Arts funding is essential in keeping art accessible and affordable for everyone. It is essential in providing young people safe spaces in their communities. It is essential in providing economic and cultural assets to towns. It is essential in ensuring our cultural climate is diverse, fresh and exciting. Art should not be dull or inaccessible and enjoying art should not be expensive - and without sufficient funding, it will inevitably become these things.
This month however, I attended one such event that seemed to have ticked all the right boxes to actually make a difference. Fusing the mediums of spoken word and poetry set against a backdrop of Turner paintings, Late at Tate Britain, housed a captivating poetry event as part of National Storytelling Week 14th anniversary.
Many in the business world trivialize the arts as an optional extra. They think of the arts as 'soft' and tiptoe around artists they imagine to be fragile, weak or prima donnas. But they've got it all wrong. Successful artists are the most tough-minded people I know, able to contain and manage uncertainty, risk and experiment.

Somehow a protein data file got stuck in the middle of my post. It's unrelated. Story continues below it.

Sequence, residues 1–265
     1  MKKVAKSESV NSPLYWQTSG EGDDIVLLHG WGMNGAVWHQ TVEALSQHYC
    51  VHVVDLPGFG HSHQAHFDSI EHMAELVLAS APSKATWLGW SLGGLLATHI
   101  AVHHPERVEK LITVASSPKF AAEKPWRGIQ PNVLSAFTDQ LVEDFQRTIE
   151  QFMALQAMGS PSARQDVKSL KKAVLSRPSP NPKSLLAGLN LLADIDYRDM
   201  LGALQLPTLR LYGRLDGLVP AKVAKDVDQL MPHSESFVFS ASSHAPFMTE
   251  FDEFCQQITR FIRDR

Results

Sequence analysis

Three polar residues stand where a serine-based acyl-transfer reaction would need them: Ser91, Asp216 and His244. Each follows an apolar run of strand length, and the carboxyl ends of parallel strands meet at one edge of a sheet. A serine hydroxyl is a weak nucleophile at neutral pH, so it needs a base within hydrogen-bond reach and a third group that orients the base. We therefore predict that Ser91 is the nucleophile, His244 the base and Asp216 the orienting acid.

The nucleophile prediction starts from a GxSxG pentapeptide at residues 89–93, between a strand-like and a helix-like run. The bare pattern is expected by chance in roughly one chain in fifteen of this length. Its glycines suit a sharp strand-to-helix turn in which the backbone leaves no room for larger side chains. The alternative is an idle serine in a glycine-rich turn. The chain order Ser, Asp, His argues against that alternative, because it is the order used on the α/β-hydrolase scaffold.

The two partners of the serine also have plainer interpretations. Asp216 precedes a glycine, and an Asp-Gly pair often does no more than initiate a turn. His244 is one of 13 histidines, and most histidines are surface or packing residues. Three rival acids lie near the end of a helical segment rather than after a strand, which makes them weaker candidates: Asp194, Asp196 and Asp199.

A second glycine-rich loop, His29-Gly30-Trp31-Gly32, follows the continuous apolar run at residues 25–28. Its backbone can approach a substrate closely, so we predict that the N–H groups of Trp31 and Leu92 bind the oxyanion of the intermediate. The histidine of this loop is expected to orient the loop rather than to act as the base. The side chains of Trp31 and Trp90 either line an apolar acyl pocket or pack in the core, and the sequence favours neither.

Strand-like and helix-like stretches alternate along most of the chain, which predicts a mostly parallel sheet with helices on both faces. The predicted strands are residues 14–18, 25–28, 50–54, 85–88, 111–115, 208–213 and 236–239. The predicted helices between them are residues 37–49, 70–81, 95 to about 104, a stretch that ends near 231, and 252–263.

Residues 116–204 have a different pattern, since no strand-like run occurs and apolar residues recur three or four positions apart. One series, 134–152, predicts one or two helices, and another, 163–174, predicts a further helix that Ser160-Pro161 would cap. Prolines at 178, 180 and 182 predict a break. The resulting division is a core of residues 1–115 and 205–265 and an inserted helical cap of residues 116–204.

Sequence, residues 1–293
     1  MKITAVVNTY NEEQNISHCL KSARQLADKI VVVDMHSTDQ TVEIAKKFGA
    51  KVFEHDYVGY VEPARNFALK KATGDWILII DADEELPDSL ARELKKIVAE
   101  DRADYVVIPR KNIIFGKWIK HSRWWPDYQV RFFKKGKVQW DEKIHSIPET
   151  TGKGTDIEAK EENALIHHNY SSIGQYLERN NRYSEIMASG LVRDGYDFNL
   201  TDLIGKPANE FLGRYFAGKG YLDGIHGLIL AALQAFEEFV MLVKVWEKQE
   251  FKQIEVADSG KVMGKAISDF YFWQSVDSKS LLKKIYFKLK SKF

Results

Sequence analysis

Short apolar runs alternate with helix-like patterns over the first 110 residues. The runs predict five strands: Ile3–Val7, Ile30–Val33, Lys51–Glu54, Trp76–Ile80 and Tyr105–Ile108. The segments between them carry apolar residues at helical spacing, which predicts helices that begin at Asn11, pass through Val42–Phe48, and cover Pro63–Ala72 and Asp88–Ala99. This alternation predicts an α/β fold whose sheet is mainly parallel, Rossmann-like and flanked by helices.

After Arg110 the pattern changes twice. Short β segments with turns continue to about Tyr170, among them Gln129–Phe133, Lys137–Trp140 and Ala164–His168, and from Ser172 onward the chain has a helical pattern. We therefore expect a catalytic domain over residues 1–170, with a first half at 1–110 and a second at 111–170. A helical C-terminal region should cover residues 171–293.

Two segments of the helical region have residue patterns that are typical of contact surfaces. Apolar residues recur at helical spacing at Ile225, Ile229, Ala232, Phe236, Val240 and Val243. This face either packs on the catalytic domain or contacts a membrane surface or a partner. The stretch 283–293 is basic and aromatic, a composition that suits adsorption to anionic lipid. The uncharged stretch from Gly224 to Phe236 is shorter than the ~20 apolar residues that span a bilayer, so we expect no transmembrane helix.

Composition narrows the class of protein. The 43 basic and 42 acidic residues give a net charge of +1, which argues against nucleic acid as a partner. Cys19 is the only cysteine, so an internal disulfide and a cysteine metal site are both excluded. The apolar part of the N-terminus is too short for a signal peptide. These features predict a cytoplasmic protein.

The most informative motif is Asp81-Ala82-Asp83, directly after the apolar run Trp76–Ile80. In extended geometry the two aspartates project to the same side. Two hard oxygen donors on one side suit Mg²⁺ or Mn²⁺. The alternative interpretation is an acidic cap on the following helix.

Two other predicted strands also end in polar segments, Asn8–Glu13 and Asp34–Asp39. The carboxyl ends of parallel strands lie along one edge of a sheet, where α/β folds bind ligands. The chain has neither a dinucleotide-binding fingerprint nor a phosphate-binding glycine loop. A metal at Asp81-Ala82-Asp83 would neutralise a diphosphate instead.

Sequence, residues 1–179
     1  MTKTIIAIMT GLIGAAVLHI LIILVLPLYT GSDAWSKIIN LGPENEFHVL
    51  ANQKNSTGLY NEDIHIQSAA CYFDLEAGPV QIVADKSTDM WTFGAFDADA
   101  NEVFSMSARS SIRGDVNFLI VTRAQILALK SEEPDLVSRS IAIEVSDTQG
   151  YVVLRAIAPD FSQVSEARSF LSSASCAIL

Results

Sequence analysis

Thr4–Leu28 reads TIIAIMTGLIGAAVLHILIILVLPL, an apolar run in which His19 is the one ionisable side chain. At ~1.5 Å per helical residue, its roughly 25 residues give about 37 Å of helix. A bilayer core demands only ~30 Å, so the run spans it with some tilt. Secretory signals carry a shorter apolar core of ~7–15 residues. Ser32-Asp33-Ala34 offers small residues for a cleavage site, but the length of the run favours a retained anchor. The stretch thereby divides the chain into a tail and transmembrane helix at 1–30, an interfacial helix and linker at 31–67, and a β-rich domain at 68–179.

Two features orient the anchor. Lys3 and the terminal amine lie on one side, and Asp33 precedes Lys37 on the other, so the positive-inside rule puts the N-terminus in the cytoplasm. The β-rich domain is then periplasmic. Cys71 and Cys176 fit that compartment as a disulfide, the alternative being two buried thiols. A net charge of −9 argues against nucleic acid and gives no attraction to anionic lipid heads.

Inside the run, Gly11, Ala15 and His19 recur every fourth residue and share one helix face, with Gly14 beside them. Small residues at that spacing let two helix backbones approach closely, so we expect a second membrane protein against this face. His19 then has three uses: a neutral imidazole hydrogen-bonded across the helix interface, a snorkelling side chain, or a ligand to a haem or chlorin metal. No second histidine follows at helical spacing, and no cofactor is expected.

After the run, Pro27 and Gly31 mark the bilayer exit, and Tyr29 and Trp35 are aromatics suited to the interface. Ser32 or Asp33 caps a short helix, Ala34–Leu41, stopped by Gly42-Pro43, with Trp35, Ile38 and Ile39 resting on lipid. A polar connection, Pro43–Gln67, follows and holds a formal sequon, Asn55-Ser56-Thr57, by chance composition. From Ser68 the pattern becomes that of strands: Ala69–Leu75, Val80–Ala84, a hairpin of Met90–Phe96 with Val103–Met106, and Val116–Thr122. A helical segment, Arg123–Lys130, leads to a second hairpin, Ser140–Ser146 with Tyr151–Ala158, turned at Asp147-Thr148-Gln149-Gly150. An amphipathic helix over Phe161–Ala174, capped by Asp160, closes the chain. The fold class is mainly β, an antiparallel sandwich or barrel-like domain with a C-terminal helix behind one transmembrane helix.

Morris is adamant that Britain is in what he calls 'a really weird state of extraordinary creative health'. 'The cultural centre is healthy and has enormous capacity to grow,' he says, 'but we have all sorts of old-fashioned knee-jerk resistances to embracing that opportunity.' The trick, therefore, is to free the UK of its default setting of archaic mores and systems of thought.
This fund is apparently available to aspiring acts and artists who need the much needed initial funding to get started on the road to success in the music industry. From what I understand the total fund amounts to £500,000 and is being hailed by its originators as, "a breakthrough moment for music in England".
Cast your mind back to 1991, when Axis began. John Major was Prime Minister, Whitney Houston and Bryan Adams topped the charts and people working in the visual arts 'organised' exhibitions; they certainly didn't 'curate' them.
With over a million 16 to 24-year-olds in this country out of work, perhaps the responsibility to provide real employment opportunities for young people should fall upon areas of the economy with the greatest prospects for growth. The creative and cultural industries is one such sector, contributing more than £36.3 billion to the UK economy every year.